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Rafael Carvalho says fighters need respect for the sport, the fans, and their partners

Rafael Carvalho,
Rafael Carvalho
Bellator MMA,

Bellator 213 “MacFarlane vs. Letourneau” takes place Saturday, December 15, 2018 at Neal S. Blaisdell Arena in Honolulu, Hawaii. The undefeated champion Ilima-Lei MacFarlane (8-0) will make her second Flyweight title defense against former UFC contender Valerie Letourneau (10-6) in the main event.

Before that fight can take place mixed martial arts legend Lyoto “The Dragon” Machida (24-8) will take on former Bellator Middleweight champion Rafael Carvalho (15-2) in a critical Middleweight bout on the main card.

Machida left UFC with a two fight win streak in tow and would obviously like to make it three in a row in his promotional debut. What’s more if “The Dragon” were to take out a former champion in his first Bellator fight, he’d immediately be in contention to face Gegard Mousasi (or possibly Rafael Lovato Jr.) at a future date down the road.

For Carvalho the stakes are as high as De La Soul. A second straight loss would greatly diminish any chance he has to avenge his title loss to Mousasi and would move him far down the ladder of contenders in an increasingly stacked Middleweight division.

Today Rafael Carvalho speaks to us via e-mail as his translator provided back and forth answers about this critical fight with Lyoto Machida. My first question — how are you feeling following your loss at Bellator 200?

“I’m not frustrated (by it), but (I’m) disappointed to have done a bad fight, maybe the worst fight I’ve ever done.”

One thing that Carvalho has consistently showed me outside of his fights is straightforward blunt honesty, so I asked him to expound on what he could have done differently in London.

“I believed that he would face me standing, (and I) did not expect him to go to the ground so fast. Yes I would have done what my coaches asked for — and I was stupid not to hear them.”

It’s that kind of unapologetic self-assessment that leads me to believe he’s well prepared for his next bout against “The Dragon.”

“We are attentive (to detail). Machida has great wrestling and (he is) a dangerous striker. Lyoto is a very respectful fighter, a samurai and everyone in Brazil likes him very much.”

I asked Carvalho if there was more pressure on Machida than him, particularly given it’s his promotional debut and (as Carvalho said himself) he’s much admired back in Brazil.

“Lyoto is a very experienced fighter, he will not suffer any pressure, he goes to the cage and will have a great fight. I have no pressure (to face him either). I will defeat him and I will have my rematch next. (It is) an honor, it is very important to beat Lyoto. He is a top world fighter, a former UFC champion, (this) will surely be a very big feat in my career.”

There’s no question it would be the most significant win of an already impressive run that has saw him successfully defend the Middleweight belt three times before the Mousasi fight. Meanwhile Machida’s best run was at 205 — I asked Carvalho if he’s better there.

“I loved watching him struggling in 205. Early in his career he was fighting Heavyweights, but it was at 205 that he hit his target. I believe that at 185 he can not (reach) 100% performance (against me).”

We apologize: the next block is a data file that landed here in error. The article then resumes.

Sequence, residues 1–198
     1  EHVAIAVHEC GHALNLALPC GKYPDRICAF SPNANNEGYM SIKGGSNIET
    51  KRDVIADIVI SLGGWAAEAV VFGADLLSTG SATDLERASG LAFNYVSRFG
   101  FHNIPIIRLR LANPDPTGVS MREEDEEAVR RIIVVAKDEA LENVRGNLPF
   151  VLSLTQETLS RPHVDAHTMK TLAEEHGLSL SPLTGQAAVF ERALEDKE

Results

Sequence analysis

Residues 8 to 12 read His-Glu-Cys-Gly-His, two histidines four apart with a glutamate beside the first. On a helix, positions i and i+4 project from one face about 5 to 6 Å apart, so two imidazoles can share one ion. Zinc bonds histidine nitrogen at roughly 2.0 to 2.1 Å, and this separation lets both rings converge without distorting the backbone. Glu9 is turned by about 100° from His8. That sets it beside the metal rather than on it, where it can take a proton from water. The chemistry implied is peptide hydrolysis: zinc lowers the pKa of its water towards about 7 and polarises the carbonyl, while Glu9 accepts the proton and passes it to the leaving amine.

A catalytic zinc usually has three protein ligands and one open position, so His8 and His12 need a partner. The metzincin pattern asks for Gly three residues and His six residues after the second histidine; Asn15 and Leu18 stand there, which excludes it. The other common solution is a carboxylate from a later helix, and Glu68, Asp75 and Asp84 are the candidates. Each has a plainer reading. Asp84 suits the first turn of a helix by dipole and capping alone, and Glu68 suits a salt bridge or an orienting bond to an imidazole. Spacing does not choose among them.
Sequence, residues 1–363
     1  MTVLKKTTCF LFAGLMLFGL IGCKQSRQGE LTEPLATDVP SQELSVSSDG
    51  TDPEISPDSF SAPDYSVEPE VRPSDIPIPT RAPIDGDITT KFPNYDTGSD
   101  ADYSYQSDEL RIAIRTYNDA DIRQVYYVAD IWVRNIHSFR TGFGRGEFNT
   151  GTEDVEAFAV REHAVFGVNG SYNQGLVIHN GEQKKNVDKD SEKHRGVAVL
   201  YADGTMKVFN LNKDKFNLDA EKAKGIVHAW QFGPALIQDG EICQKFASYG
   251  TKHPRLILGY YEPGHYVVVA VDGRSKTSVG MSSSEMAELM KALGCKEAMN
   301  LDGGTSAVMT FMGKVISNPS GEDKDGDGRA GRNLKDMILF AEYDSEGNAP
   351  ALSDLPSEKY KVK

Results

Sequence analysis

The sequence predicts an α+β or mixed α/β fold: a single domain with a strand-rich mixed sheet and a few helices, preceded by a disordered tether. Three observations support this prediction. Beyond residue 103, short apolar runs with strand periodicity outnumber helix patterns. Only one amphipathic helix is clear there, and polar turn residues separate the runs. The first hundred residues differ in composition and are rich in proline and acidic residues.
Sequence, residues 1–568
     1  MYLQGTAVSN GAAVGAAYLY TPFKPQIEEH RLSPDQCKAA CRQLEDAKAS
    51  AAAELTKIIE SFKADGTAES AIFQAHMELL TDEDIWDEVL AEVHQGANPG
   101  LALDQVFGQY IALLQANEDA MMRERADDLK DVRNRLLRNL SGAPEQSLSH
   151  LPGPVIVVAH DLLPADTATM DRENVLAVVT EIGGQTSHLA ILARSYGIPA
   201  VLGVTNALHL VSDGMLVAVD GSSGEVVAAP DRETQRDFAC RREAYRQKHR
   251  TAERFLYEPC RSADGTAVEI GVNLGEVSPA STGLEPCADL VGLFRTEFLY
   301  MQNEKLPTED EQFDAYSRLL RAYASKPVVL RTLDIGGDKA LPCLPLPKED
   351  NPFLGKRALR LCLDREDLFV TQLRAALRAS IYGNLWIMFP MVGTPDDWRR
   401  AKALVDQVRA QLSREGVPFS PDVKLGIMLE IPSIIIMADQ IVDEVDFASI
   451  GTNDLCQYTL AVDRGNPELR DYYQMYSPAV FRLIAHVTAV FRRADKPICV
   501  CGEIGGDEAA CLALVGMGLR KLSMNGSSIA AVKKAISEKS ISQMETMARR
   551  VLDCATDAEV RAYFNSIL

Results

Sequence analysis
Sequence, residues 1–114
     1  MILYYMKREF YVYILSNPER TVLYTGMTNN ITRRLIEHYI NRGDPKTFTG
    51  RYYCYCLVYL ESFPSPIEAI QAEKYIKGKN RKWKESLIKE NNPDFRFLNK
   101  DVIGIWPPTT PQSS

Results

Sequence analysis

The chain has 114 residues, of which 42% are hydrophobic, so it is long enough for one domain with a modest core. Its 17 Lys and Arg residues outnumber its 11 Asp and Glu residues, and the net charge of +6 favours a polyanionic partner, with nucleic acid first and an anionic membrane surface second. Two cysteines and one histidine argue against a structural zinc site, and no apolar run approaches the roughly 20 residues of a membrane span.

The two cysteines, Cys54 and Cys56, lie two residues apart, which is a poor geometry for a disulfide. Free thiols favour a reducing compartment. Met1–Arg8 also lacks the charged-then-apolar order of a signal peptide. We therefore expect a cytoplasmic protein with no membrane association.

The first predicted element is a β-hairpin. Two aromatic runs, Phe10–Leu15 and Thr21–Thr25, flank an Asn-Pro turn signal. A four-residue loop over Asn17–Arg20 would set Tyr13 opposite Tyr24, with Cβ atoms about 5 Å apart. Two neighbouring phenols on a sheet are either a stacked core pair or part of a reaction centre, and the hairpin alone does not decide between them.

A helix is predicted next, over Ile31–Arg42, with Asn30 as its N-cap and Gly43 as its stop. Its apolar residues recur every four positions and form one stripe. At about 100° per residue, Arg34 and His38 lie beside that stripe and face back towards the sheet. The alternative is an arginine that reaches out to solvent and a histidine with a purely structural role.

Bold words to be sure but it’s not surprising that Carvalho is confident coming into the fight. He’s had a lot of success in his camp getting ready for Lyoto Machida.

“My BJJ, I trained a lot, until I won two BJJ championships.”

But what does a man like Carvalho do when he’s not winning titles or jiu-jitsu tournaments?

“To play with my dog ​​was one (way to relax), but now it’s to stay with my son Rafael Carvalho de Souza Filho. I (also) look forward to seeing nature. Hawaii is one of the most beautiful places in the world.”

How does Carvalho recommend people train to fight or to get into better shape?

“Nothing in particular, the only thing is that you need to balance what you eat, and consume lots of water before, during and after workouts.”

Sensible advice. I also asked Carvalho thinks the sport of mixed martial arts has changed since it went mainstream.

“The vale tudo started in Brazil with the Gracie family at 80 years ago and since this time there were fights in Brazil. Rorion — one of the sons of Helio Gracie — brought the whole vale tudo to America and here was transformed into MMA. From 1993 to here there was a huge advance and the every year the sport is (more) modernized. I believe that in ten years we will be in a new era and we will be in the whole world.”

That’s not hard to imagine given how much it has evolved in the last ten years alone. I also asked Carvalho if the sport needs to do anything about fighters who beat up their partners.

“Ethics is respect. We are samurais, we are not gladiators. (Abusers should not) be banned but punished. We need respect. You can promote a fight with respect — you only need to use intelligence.”

In conclusion I asked Carvalho if he had any parting words for his opponent Lyoto Machida at Bellator 213.

“I want to thank him for the opportunity, it’s a great honor to fight him in Hawaii, it could not be a (better) place. I wish him good luck.”

Complete Bellator MMA coverage of “MacFarlane vs. Letourneau” resides here at MMA Mania all week long.

To check out the latest Bellator MMA-related news and notes be sure to hit up our comprehensive news archive right here.

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